The Journal of Prevarication
By Jim Cook
Official State Liar of Arizona
Every so often, Miss Ellie asks me to let her know where I want my ashes buried, or scattered.
“Not right away, of course,” she adds kindly.
I told her once that I wanted my remains buried in the rustic cemetery at Burton, Arizona, but my headstone in Wickenburg, as befits a liar. She figured, correctly, that I was kidding.
But the other day, I told her I wanted my ashes buried under our new granite kitchen countertop, and my epitaph carved in its surface:
1935 – 20–
“You just never know.”
Until lately, granite was more often used for headstones than for countertops. Then granite countertops became the new fashion. Lord, they’re everywhere. Ellie is fond of our counters of Formica, the miracle material of the 1950s, now collectible.
She replied, in her most firm-but-reasonable voice: “We won’t have any granite countertops in this house unless I die first.”
I was telling that story down at the cafe where a few of us gather in the mornings to settle the affairs of the town. I wasn’t making any big points with the boys.
A big man was sitting at the next table, listening eagerly to every word. He wore a Stetson and a big belt buckle, and the legs of his Levi’s covered most of yellow, stitched boots of ostrich hide. He laughed at my story, and even in his guffaw, you could hear the accent of a Texan.
Mort, the Idler-in-Chief, asked the Texan if he’d like to join us. The man came to our table, carrying his coffee. He said his name was Cliff.
Willie said, “Cliff, drop over sometime.” Cliff smiled politely, but Mort gave Willie a look.
After the introductions, and talk about the changing weather, Cliff began trying to make conversation.
“Who was Wicken?” he asked.
We all stared at him, uncomprehending. He tried again: “Who was Wickenburg named for?”
Charles started to straighten the stranger out. Mort, seeing a greater opportunity, nudged Charles to keep him quiet.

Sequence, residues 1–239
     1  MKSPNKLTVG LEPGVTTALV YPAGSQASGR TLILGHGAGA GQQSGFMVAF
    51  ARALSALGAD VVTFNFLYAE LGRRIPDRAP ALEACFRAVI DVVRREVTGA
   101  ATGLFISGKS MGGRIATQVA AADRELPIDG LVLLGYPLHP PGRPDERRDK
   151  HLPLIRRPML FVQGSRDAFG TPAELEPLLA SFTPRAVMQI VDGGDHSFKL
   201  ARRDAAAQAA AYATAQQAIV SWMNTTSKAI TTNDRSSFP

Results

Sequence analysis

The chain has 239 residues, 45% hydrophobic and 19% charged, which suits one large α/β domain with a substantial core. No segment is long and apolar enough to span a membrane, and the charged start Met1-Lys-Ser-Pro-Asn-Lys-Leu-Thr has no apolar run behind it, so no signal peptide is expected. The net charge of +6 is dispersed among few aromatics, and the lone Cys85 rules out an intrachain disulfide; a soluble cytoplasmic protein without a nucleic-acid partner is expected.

“Wayne Wicken was the very rich man who started our little town,” Mort said. “He was from Alabama. He was gassed while fighting in World War I.”
We all know that Wickenburg was named for and by Henry Wickenburg, a Bavarian prospector who discovered the nearby Vulture Mine in 1862.
Henry’s bust sits proudly on the lawn of the town hall. A couple of blocks away, a monument repeats the legend of how Wickenburg found the Vulture: He picked up a rock to throw at an unresponsive burro, and noticed that the rock was laced with gold.
If Mort could head Charles off, he was getting into a pretty good whopper. Mort said, “Wayne Wicken held the patent on peanut butter, among other things.”
“Peanut butter?” the Texan asked.
“Peanut butter. He was called The Emporer of Peanut Butter. Can you imagine how much money he made before he let his patent expire? Every peanut butter and jelly sandwich put money in his pocket. His fortunes increased after sliced bread was invented in 1928, because he owned a piece of the slicing machine patent. Consumption of peanut butter and jelly sandwiches increased dramatically.
“But Wayne Wicken was not a healthy man, especially after fighting in the Great War. He developed tuberculosis, and his doctor ordered him to move to a dry climate.”
It’s a familiar story in Arizona lore: The sickly eastern “lunger” who finds health in the dry desert air. Mort continued, “Wayne Wicken came to the banks of the Hassayampa and pitched a tent. He prospected for gold, and fished the waters of the Hassayampa River. Soon, he got well. He bankrolled some of the early dude ranches in town.”
Cliff said, “You say he fished? There doesn’t seem to be much water in that river.”
Mort rared back, as though he was offended.. I thought he was going to reel out the story of the fabled Hassayampa sand trout, which swims through sand like other fish swim through water. Even I don’t tell that story much anymore, and Mort was going in another direction.
“Why, there’s lots of water in that river,” he said. “It’s sometimes known as the Mississippi of the West. It’s just that during the warmer months, the water goes underground, to avoid evaporation.”
“You’re kidding me,” Cliff said. There is no more uncomfortable feeling than looking into the eyes of five liars with the almost-certain knowledge that you’re being had. Cliff asked lamely, “What ever happened to Mister Wicken?”
“As a matter of fact,” Mort said, “he fell into the Hassayampa and drowned. He’s buried on that hillside over there, under a slab of granite no thicker than a countertop.”
Cliff persisted: “You sure there’s water under that river–er, in that river?”
Willie said, “No kidding. If you go lie down in the bed of the Hassayampa and put your ear to the sand, you can hear the water roaring past underground.”
We broke up then, going to check our post office boxes, or home for a nap.
Willie, the sneakiest man I know, told us next day that he kept his eye on the Texan. Cliff walked away from the river, and browsed a couple of gift shops downtown. But eventually, he slipped around and ended up in the sandy bed of the Hassayampa.
Willie said he last saw Cliff stretched out full-length, his Stetson beside him, his right ear in the sand, listening for the roar of the Mississippi of the West.